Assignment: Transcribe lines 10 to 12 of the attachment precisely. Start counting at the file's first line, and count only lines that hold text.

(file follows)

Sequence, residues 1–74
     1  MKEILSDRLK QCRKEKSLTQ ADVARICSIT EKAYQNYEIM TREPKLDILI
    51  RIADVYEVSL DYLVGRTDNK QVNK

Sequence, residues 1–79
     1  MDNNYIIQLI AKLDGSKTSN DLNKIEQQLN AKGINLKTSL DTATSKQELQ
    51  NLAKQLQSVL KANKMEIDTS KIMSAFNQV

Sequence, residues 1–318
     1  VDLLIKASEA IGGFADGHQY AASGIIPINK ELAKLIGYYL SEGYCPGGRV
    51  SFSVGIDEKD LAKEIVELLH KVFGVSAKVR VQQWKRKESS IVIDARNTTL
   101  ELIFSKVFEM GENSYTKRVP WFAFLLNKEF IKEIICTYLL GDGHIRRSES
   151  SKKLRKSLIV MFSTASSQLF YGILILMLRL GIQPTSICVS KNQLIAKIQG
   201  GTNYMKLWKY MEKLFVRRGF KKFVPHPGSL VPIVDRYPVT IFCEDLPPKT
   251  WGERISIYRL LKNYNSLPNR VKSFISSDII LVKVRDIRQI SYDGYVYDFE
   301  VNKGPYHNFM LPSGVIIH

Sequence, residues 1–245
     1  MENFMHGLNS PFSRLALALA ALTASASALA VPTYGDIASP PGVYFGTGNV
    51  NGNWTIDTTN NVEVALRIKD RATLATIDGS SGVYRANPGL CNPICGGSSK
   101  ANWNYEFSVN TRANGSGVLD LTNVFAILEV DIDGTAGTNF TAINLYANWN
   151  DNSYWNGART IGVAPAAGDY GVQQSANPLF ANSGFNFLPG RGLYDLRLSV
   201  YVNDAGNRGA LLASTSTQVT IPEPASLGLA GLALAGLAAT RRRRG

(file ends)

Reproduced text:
   101  ELIFSKVFEM GENSYTKRVP WFAFLLNKEF IKEIICTYLL GDGHIRRSES
   151  SKKLRKSLIV MFSTASSQLF YGILILMLRL GIQPTSICVS KNQLIAKIQG
   201  GTNYMKLWKY MEKLFVRRGF KKFVPHPGSL VPIVDRYPVT IFCEDLPPKT